Skip the pricey gym memberships, and reclaim the playground for working out! Another fantastic Boomer trend to capture!
It may seem like kids get to have all the fun — at least when it comes to outdoor exercise. But more and more towns, senior centers and retirement communities are filling their green spaces with playground-style equipment aimed at grownups. While the installations may resemble monkey bars, they are designed for specific workouts.
One retirement community in North Carolina, is opening its second “intergenerational play space,” as named by this spectacular project team. Tracy McGinnis, director of philanthropy at the Southminster life-plan community, says the first play space — which was created with the county parks department — has drawn many people who are attracted “not just to the physical play but to the social play, as well.
One of the reviews from a participant reflects, “We don’t stop playing because we grow old,” she says, quoting George Bernard Shaw. “We grow old because we stop playing.” So true!
Why the sudden interest?
“Outdoors is where we are. As we age, we’re less likely to do strength training in an indoor gym, but we still walk outdoors. If the older people aren’t into fitness centers, take the fitness center to them!” This is the trend: many parks are replacing outdoor trails and exercise areas designed for a younger fit population, with equipment that is more accessible to everyone.
The equipment is easy to use, low impact and designed to prevent falls. It works almost every muscle group, yet can be used by people with limited agility, balance and flexibility. Some equipment allows people in wheelchairs to roll up and participate. You might see…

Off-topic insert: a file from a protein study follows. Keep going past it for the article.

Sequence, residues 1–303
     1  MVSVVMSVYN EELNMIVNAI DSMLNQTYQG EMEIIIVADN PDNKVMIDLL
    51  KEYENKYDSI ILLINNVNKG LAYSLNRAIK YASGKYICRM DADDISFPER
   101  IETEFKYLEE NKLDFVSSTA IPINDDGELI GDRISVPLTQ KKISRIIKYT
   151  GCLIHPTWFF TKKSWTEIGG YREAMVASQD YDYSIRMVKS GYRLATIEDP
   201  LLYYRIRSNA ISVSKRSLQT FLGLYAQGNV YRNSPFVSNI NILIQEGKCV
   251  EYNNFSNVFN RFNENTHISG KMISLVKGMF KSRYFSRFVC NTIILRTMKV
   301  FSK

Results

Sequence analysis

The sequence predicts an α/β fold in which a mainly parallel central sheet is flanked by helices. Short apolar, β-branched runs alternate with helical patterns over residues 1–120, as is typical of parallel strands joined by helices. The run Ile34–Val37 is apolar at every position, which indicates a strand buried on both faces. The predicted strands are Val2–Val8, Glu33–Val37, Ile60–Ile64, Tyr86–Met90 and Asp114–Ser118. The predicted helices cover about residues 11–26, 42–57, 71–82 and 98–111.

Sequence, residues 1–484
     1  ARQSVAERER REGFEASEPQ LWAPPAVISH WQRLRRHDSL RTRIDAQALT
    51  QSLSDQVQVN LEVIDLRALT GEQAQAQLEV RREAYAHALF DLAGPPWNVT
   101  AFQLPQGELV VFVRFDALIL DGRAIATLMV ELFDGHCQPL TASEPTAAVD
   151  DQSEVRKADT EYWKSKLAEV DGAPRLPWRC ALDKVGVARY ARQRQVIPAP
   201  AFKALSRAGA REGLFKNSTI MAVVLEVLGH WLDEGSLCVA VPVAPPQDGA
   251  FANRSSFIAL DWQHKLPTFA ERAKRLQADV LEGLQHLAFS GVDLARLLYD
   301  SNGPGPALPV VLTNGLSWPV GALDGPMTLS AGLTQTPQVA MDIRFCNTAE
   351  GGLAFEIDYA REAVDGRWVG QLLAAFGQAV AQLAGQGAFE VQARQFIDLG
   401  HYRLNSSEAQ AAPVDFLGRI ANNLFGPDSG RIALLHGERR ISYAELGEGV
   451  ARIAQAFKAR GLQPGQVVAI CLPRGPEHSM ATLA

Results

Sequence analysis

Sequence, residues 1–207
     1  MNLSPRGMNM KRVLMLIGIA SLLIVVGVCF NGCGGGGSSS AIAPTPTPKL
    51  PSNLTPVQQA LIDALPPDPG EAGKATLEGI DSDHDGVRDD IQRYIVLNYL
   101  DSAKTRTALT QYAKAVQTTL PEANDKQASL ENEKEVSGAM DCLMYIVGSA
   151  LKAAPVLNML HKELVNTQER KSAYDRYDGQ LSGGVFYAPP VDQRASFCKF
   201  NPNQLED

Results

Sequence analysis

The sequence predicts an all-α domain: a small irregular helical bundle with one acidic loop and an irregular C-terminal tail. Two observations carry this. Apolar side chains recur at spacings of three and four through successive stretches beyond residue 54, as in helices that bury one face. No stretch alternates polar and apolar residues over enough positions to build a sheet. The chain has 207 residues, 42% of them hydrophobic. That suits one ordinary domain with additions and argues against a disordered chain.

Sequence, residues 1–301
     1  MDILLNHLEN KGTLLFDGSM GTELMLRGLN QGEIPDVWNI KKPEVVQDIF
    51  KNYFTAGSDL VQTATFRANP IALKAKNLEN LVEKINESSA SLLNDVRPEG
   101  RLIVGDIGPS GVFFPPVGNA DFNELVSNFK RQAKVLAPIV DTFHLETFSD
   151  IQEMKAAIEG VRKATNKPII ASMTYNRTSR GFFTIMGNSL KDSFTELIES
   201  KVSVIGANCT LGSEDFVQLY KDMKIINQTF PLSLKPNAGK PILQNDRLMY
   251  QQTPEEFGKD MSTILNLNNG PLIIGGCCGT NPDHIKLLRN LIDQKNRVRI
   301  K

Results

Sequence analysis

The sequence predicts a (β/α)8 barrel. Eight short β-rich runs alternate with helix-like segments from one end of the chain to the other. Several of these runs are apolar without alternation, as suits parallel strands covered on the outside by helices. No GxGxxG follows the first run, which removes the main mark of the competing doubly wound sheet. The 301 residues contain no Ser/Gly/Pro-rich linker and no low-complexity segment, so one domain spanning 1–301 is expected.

- A swing that is strong and has wide seats so adults, and not just kids, can use it.
- A slide that’s adult-sized and has a gentle slope so it’s safe for all ages.
- A roomy, comfortable outdoor recumbent bike that’s easy to get onto and off of—and inviting to use.
- A two-person cross-country ski machine that’s easy to use and fun for people of any age from teens to octogenarians—truly multigenerational.
- An elliptical machine in which you stand and simply swing your legs to and fro—a great way to improve range of motion.
- A “Tai Chi Spinner”—two wheels, one for the right hand and one for the left, that you can rotate this way and that way together or separately to improve flexibility in your arms, shoulders and wrists. (It’s also good as a warm-up for golf.)
- A two-person “rotator”—think of it as a really safe seesaw—that stretches the backs and hips while strengthening the abs.
- Stand-alone “activity panels.” One panel has a bar that you lean against to do push-ups (without getting down to the ground), another a bar that you lift over your head to strengthen your shoulder muscles, a third instructs you on how to do easy mini squats, while a fourth has handles that you turn for upper body cycling.
Most multi-generational outdoor fitness parks cover the four key elements of fitness—aerobic activity, strength training, balance and flexibility. As we age, it’s common to lose muscle mass, but strengthening muscles is key to enjoying our favorite activities and hobbies…and having a good quality of life. Balance is often overlooked, as well—by both young and older adults.
So, what are we waiting for! Off to the parks…off to the gym in the parks!
Don’t let the young have all the fun!
Join the dialogue and let us know how you feel about these outdoor fitness parks. An up and coming trend that may work for you and your family!
As always, I am…the new see-sawing Boomer Explorer.